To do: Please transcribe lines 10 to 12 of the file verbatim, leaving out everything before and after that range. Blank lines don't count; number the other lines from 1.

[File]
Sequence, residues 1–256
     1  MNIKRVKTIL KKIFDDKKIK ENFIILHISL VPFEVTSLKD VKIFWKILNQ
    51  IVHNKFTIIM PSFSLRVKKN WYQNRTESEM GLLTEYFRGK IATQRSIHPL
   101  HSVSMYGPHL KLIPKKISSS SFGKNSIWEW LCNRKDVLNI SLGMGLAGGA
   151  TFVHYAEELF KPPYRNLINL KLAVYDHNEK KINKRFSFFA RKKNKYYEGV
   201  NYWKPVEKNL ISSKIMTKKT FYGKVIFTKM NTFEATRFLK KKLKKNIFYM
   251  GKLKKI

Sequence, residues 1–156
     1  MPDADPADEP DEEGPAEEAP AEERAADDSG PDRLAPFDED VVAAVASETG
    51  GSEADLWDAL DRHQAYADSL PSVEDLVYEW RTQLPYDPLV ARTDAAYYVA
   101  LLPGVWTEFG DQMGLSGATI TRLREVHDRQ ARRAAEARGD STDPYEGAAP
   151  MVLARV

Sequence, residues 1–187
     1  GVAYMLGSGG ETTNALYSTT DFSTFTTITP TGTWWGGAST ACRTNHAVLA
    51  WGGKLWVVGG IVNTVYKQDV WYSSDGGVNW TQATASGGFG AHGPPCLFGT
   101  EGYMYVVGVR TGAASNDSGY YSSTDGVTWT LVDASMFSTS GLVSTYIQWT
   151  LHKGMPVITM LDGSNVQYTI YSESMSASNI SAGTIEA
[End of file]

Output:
    51  GSEADLWDAL DRHQAYADSL PSVEDLVYEW RTQLPYDPLV ARTDAAYYVA
   101  LLPGVWTEFG DQMGLSGATI TRLREVHDRQ ARRAAEARGD STDPYEGAAP
   151  MVLARV